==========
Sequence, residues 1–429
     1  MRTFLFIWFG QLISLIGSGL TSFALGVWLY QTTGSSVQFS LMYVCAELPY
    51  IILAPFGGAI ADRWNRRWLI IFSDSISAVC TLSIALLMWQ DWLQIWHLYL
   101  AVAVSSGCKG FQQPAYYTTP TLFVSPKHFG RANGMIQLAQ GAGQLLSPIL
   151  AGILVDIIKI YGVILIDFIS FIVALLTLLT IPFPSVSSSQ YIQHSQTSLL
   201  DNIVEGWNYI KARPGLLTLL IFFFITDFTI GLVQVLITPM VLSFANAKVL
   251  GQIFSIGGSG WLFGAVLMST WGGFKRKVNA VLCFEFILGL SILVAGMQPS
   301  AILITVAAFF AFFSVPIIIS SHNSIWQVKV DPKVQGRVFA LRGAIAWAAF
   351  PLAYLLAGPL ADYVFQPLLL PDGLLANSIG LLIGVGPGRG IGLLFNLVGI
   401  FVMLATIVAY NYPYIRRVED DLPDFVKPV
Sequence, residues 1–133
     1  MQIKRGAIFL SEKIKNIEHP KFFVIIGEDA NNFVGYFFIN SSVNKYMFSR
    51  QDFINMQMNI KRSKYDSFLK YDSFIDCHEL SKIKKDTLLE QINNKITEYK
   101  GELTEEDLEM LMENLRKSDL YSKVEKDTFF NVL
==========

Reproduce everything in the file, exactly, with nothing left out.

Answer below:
Sequence, residues 1–429
     1  MRTFLFIWFG QLISLIGSGL TSFALGVWLY QTTGSSVQFS LMYVCAELPY
    51  IILAPFGGAI ADRWNRRWLI IFSDSISAVC TLSIALLMWQ DWLQIWHLYL
   101  AVAVSSGCKG FQQPAYYTTP TLFVSPKHFG RANGMIQLAQ GAGQLLSPIL
   151  AGILVDIIKI YGVILIDFIS FIVALLTLLT IPFPSVSSSQ YIQHSQTSLL
   201  DNIVEGWNYI KARPGLLTLL IFFFITDFTI GLVQVLITPM VLSFANAKVL
   251  GQIFSIGGSG WLFGAVLMST WGGFKRKVNA VLCFEFILGL SILVAGMQPS
   301  AILITVAAFF AFFSVPIIIS SHNSIWQVKV DPKVQGRVFA LRGAIAWAAF
   351  PLAYLLAGPL ADYVFQPLLL PDGLLANSIG LLIGVGPGRG IGLLFNLVGI
   401  FVMLATIVAY NYPYIRRVED DLPDFVKPV
Sequence, residues 1–133
     1  MQIKRGAIFL SEKIKNIEHP KFFVIIGEDA NNFVGYFFIN SSVNKYMFSR
    51  QDFINMQMNI KRSKYDSFLK YDSFIDCHEL SKIKKDTLLE QINNKITEYK
   101  GELTEEDLEM LMENLRKSDL YSKVEKDTFF NVL